Since our last week three weeks ago, crude tanker rates have softened with VLCC and Aframax average spot rates at approximately $12,000 pd and Suezmax tankers at approximately $16,000 pd, on the back of weak trading activity. At such levels, crude tanker spot rates stand substantially below the yearly average, and it has to be noted that present VLCC rates are very close to operating break even and far below levels required to pay for the vessel’s financial cost as well. Despite the weakness in freight rates, there has been meaningful activity in the sale & purchase market at strengthening prices, as optimism keeps building that the crude tanker market is well into a structural market recovery, and thus the present weakness in the market is only seasonal. A recent article on Reuters that pressures are building up in the US on allowing crude oil exports can only interpreted as a positive development for the crude tanker markets.

MT SAMCO SUNDARBANS

VLCC Tanker ‘Samco Sundarbans’ sold in en bloc transaction to DHT Holdings (Image source: Samco Shipholding)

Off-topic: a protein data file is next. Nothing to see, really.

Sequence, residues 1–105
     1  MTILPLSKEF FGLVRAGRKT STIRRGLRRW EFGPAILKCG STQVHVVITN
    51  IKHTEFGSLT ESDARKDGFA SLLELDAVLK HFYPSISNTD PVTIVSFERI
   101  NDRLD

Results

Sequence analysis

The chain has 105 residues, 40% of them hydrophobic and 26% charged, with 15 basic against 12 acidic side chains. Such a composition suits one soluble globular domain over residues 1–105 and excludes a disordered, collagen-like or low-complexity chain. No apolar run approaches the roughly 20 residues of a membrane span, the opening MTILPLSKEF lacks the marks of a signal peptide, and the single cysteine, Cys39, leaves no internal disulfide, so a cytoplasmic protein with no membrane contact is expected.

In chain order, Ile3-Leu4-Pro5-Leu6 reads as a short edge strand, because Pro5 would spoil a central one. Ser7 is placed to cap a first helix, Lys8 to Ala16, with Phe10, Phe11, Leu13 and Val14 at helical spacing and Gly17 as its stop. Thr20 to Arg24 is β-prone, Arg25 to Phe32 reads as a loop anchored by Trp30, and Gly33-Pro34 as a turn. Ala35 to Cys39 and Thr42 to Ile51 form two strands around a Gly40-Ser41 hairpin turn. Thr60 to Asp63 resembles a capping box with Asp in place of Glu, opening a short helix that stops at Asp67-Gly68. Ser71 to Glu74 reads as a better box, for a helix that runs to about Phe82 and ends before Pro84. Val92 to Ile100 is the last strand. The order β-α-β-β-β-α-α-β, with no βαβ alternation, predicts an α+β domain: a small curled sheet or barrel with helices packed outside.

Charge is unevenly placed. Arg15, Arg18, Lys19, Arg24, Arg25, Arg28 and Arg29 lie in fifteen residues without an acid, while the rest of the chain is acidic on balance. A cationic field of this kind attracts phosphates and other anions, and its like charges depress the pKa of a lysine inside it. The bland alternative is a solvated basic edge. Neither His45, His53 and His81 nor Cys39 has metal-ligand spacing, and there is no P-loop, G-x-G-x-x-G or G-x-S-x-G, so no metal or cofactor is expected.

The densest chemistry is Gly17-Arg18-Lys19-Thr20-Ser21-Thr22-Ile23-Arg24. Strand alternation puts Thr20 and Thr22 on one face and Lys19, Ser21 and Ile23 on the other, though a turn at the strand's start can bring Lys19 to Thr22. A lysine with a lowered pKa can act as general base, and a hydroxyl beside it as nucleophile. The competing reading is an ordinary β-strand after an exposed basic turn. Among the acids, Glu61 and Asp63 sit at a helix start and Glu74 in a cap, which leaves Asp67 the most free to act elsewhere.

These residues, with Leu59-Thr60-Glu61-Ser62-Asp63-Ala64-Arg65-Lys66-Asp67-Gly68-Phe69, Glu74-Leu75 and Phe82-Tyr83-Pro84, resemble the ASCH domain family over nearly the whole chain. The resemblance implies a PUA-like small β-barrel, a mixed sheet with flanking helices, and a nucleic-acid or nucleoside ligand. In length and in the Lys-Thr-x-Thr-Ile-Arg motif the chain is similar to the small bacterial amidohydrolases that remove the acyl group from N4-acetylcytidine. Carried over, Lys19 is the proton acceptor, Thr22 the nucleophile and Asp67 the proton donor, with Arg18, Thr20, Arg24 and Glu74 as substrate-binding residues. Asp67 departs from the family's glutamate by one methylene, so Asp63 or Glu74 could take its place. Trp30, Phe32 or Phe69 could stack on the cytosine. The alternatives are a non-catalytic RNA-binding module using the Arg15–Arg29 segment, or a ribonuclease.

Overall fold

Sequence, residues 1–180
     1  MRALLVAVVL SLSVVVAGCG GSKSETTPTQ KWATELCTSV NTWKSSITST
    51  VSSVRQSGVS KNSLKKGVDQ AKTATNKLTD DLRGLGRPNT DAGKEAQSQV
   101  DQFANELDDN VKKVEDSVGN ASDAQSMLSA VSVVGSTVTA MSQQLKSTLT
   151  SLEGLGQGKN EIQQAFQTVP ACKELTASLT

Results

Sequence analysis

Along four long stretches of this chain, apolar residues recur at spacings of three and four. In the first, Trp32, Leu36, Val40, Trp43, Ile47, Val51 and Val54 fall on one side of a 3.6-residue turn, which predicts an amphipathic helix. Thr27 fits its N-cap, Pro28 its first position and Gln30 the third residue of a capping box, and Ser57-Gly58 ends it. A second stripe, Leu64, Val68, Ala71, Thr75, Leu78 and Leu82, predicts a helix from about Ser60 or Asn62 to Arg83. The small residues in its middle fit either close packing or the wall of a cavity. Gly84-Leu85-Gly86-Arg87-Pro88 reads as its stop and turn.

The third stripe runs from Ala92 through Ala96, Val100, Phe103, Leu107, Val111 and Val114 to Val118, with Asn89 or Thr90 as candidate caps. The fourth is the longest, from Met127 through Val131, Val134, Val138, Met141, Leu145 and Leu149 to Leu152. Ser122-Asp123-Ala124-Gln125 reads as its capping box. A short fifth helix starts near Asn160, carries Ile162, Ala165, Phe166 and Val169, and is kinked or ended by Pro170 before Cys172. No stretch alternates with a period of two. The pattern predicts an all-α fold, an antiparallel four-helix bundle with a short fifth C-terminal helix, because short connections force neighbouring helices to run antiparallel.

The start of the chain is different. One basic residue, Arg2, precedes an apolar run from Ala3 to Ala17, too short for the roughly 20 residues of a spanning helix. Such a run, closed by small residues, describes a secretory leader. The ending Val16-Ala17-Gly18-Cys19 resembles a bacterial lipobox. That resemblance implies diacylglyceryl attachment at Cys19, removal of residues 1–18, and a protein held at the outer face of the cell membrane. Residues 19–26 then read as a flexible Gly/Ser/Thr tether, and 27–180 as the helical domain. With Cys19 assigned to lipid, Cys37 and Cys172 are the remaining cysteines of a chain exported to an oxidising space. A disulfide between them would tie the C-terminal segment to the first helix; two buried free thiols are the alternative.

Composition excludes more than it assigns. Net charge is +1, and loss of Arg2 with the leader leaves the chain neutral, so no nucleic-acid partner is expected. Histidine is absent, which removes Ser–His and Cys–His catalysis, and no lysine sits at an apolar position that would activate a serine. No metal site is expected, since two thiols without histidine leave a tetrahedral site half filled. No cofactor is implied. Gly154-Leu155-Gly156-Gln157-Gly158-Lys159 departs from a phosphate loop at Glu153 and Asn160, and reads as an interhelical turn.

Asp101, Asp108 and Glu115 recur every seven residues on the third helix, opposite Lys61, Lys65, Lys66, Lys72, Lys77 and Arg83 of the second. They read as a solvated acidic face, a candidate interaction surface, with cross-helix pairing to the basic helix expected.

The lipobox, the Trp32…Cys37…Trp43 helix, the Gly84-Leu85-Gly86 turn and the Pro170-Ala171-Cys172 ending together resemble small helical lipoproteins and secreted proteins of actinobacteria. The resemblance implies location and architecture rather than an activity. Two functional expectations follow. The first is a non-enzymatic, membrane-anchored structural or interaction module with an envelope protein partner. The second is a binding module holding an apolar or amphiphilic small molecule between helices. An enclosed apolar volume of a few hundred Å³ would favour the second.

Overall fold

Double Hull Tankers DHT Holdings (NYSE: DHT) has finalized the acquisition of Samco Shipholding Pte Ltd in Singapore with ownership of seven VLLC tankers with average age of 4.5 years at approximately $322 million; DHT Holdings also acquired in the same transaction and remuneration Samho’s 50% interest in Goodwood Ship Management.   The vessels are built at Hyundai Samho and they are MT „Samco Sundarbans” and MT „Samco Taiga” (2012, Hyundai Samho, 318,000 dwt), MT „Samco Amazon” and MT „Samco Redwood” (2011, Hyundai Samho, 318,000 dwt), MT „Samco Europe” and MT „Samco China” (2007, Hyundai Samho, 318,000 dwt) and MT „Samco Scandinavia” (2006, Hyundai Samho, 318,000 dwt). This being a corporate transaction rather than a pure asset acquisition, there have been additional considerations, although DHT Holdings appears to be paying approximately $50 mil below the nominal market value of the vessels. On pure asset sales, BW Maritime of Singapore has sold MT „BW Nyssa” (2000, Daewoo, 299,500 dwt) to Smart Tankers in Greece at $29.5 million, probably at a $2 million premium over the market. The price reveals strong buyer’s optimism as the vessel is due drydock and special survey in January 2015 at a cost of several million dollars while she will be turning the dreaded 15th anniversary from delivery that puts her on the second priority list of many charterers. The vessel was reported in January 2014 as tied up to a conversion project at $32 million purchase price which transaction apparently has not materialized.